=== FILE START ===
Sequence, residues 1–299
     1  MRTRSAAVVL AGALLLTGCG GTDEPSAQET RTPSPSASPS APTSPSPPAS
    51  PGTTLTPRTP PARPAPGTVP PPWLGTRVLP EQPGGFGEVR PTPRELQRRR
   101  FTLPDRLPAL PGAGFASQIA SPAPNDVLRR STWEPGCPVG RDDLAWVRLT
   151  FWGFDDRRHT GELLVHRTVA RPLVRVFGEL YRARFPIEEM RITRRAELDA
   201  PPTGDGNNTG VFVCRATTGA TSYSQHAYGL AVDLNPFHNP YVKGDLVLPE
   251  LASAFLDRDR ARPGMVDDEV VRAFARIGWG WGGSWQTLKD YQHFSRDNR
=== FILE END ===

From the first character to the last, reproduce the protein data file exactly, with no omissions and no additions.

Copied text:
Sequence, residues 1–299
     1  MRTRSAAVVL AGALLLTGCG GTDEPSAQET RTPSPSASPS APTSPSPPAS
    51  PGTTLTPRTP PARPAPGTVP PPWLGTRVLP EQPGGFGEVR PTPRELQRRR
   101  FTLPDRLPAL PGAGFASQIA SPAPNDVLRR STWEPGCPVG RDDLAWVRLT
   151  FWGFDDRRHT GELLVHRTVA RPLVRVFGEL YRARFPIEEM RITRRAELDA
   201  PPTGDGNNTG VFVCRATTGA TSYSQHAYGL AVDLNPFHNP YVKGDLVLPE
   251  LASAFLDRDR ARPGMVDDEV VRAFARIGWG WGGSWQTLKD YQHFSRDNR